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4K/UHD of the Week
In Guillermo del Toro’s labored parable of Spanish rule under Franco, a young girl—who may be the reincarnation of an underworld princess—escapes into a fantasy world after her mother marries one of the dictator’s most reliable generals.
Del Toro does, as always, show a staggeringly imaginative visual sense (which the impressive photography and special effects contribute mightily to), but this two-hour fable becomes more enervating as it goes along, even wasting two splendid Spanish actresses: Maribel Verdu as the rebel housekeeper and Ariadna Gil, who suffers nobly as the girl’s mother. The new 4K transfer looks unsurprisingly sumptuous; extras include del Toro’s commentary and video prologue and hours of materials in featurettes.
Blu-rays of the Week
Annabelle Comes Home
This strange little horror entry continues the tale of the possessed doll that, for some insane reason (to make this movie, I guess), the investigators who have her put it in their home’s heavily-fortified artifacts room. Of course, when they go away, leaving their young daughter with her teenage babysitter, the doll’s presence awakens the other evil spirits to create some havoc.
There are a few decent eerie moments—mainly early on—but the bulk of the movie musters little energy or originality. There’s a crisp hi-def transfer; extras are deleted scenes and behind-the-scenes featurettes.
Here’s a reboot I don’t think anyone was pining for: Chuckie, the doll who programs itself to kill, returns in a brand spanking and shiny new box, and what the movie lacks in originality it partly makes up for in a few bizarrely executed murders, including an unfortunate man being scalped and skinned or others being killed in a mall melee.
Of the two new doll horror flicks (see above) movies, this is preferable—but not by much. The hi-def transfer looks fine; extras are featurettes and a making-of.
In William Wyler’s tense 1940 melodrama about adultery and murder, Bette Davis chews the scenery spectacularly in her Oscar-nominated portrayal of Leslie Crosbie, who fatally shoots her lover and tells her husband (and lawyer) it was in self-defense because he forced himself on her.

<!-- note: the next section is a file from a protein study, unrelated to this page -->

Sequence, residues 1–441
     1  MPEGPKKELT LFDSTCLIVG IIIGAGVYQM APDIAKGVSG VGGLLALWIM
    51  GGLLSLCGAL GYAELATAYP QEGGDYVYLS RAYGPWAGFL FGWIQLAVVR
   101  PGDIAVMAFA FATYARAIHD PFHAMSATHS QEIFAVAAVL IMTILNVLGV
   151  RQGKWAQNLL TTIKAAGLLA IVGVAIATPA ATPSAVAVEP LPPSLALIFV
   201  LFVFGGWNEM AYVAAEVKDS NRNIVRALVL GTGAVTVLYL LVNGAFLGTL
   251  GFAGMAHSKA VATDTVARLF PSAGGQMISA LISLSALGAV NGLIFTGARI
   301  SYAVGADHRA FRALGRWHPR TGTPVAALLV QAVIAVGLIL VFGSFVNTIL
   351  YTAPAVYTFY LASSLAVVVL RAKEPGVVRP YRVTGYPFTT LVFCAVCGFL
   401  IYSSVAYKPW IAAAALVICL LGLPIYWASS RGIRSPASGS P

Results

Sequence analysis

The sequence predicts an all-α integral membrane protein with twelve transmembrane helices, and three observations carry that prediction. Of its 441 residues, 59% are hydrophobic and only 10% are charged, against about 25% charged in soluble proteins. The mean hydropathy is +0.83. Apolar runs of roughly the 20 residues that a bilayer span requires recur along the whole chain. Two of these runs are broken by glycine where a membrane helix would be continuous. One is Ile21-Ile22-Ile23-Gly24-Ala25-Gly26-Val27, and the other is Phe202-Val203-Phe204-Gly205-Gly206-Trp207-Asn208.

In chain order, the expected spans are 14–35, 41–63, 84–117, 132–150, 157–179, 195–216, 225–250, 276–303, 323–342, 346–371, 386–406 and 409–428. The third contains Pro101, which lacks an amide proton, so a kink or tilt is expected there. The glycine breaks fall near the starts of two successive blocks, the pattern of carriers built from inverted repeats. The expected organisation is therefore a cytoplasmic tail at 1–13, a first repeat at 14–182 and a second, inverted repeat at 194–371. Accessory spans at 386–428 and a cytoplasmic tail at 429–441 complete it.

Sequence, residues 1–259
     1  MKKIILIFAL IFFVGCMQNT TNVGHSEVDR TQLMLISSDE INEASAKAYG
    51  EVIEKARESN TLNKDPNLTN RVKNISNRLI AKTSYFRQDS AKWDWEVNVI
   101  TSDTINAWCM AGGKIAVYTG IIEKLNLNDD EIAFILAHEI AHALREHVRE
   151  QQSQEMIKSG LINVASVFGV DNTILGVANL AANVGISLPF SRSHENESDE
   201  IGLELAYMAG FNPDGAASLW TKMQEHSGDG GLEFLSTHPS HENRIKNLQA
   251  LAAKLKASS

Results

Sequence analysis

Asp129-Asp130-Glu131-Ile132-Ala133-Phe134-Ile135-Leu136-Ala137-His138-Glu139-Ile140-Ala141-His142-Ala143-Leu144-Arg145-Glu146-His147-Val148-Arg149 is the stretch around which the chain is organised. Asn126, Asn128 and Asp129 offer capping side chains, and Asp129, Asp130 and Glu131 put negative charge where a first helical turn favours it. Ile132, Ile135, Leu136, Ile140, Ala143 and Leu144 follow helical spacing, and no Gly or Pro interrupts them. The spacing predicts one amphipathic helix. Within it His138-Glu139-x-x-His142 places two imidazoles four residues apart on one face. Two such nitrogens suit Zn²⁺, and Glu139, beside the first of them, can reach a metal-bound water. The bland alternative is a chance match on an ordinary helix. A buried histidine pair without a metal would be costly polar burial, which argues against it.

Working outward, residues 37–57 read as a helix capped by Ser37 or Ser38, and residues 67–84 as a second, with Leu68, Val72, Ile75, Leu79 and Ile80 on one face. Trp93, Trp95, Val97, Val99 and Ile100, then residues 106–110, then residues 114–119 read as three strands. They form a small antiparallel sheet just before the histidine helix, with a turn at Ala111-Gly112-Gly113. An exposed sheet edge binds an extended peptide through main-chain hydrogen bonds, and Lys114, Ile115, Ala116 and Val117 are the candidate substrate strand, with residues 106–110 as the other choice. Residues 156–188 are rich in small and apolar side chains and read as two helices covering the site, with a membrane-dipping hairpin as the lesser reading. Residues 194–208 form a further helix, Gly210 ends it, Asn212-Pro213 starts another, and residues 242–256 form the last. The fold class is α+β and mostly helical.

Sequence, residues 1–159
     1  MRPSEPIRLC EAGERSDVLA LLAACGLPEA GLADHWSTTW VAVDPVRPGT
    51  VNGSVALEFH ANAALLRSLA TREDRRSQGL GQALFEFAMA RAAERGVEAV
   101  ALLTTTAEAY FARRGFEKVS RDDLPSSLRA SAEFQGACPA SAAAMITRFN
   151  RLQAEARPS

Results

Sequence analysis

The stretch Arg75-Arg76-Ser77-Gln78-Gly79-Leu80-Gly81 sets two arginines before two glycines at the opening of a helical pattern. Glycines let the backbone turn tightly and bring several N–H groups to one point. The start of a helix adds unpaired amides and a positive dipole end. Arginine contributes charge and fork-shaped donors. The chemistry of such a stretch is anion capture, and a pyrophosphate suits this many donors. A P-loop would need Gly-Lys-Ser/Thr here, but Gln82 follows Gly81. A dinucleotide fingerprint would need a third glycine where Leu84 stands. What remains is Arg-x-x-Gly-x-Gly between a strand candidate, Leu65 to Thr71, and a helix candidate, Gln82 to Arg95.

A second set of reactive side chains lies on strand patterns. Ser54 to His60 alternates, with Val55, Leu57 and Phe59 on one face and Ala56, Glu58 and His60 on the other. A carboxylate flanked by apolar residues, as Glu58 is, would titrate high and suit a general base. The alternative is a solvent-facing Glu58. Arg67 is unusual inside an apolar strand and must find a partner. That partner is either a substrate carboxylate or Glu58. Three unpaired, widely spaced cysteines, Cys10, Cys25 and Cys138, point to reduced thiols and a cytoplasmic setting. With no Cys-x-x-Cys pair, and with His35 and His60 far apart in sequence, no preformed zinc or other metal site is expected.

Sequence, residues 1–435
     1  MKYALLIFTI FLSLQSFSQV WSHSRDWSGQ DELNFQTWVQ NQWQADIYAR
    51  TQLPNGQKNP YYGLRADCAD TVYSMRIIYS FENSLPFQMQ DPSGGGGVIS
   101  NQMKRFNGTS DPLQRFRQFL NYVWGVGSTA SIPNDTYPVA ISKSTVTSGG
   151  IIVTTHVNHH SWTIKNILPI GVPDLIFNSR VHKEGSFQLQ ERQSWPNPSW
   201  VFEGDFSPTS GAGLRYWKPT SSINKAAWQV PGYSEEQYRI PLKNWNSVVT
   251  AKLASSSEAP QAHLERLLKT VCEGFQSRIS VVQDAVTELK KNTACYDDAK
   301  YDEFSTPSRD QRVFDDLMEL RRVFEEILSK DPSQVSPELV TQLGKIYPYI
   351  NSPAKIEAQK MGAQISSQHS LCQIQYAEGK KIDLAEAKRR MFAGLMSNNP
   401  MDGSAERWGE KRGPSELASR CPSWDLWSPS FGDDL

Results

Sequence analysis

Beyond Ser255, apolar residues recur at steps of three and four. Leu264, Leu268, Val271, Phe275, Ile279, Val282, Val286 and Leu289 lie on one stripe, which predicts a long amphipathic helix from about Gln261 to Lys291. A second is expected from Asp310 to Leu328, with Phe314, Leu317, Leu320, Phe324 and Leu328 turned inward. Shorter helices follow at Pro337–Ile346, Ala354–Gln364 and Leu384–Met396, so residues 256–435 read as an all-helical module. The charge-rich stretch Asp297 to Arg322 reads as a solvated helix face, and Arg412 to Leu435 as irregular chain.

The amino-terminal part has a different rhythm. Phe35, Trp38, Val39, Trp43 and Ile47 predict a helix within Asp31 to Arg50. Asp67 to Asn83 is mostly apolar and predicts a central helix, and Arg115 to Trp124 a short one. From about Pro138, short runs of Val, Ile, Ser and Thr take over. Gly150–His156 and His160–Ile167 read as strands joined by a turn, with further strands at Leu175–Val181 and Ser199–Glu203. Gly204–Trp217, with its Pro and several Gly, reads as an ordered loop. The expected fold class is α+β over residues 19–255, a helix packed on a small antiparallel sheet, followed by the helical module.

W. Somerset Maugham’s solid stage play becomes a soapy but entertaining film, marred only by its era’s inability to allow more leeway in dealing with adult themes. The B&W images look vividly-realized in hi-def; extras comprise an alternate ending sequence and Lux Radio Theater adaptations starring Davis from 1941 and 1944.
Nekromantik 1 and 2
German director Jörg Buttgereit’s necrophiliac romances, from 1987 and 1991, are the very definition of cult films: made on a shoestring with glaring deficiencies in the filmmaking process, storyline and acting. But even though the infamously grotesque gore-filled sequences are nearly Ed Wood-level fake—the nasty and demented mind at work leads to a disgusting but perfect ending when our necrophiliac heroine decapitates her lover during sex and gets impregnated by a corpse.
Of course, most viewers’ mileage may vary: but if you’ve gotten this far, you’re admittedly intrigued. Even on Blu, the movies still retain their cheap look, but that’s to their ultimate benefit. The films are enclosed in a slipcase; extras include commentaries, music video and shorts, making-of featurettes and even a 2011 concert featuring the sequel’s star Monika M.
The Wedding Guest
Writer-director Michael Winterbottom’s mediocre thriller about the kidnapping of a Pakistani bride-to-be by a British Muslim and their complicated relationship is one of this usually interesting filmmaker’s rare missteps.
Despite his premise, Winterbottom has made an action flick almost completely devoid of tension; instead, its travelogue ride through picturesque locales in Pakistan and India mitigate the convincing performances of Dev Patel and Radhika Apte as the kidnapper and his hostage. The film does look sharp on Blu.
DVD of the Week
The Quiet One
Oliver Murray’s documentary about Bill Wyman, former Rolling Stone who surprisingly retired from the band in 1993, lets the famously reserved bassist narrate the details of his eventful life himself.
Although there are, somewhat disappointingly, no earth-shattering revelations or insights—even his romance of and short-lived marriage to Mandy Smith (whom he met when he was 47 and she 13) is dealt with quickly, waved away by Wyman’s comment that it was all about the heart, not mere lust—the liberal use of Wyman’s amazing collection of archival video and audio make this a worthwhile trip through Stones-related history.
CD of the Week
Erich Korngold was a composing and performing prodigy who became one of the 20th century’s most versatile composers, from operas and chamber music to indelible scores for Hollywood films. This new disc also shows that he was an originator of ravishing orchestral colors and brilliant arrangements: his Symphony in F Sharp is about as skillful a 45-minute orchestral workout as one can write.
Even the disc’s so-called filler—Theme and Variations and Straussiana, a tribute to the waltz master Johann Strauss—is done with endlessly bubbly wit. John Wilson conducts a razor-sharp account of these works by the Sinfonia of London.
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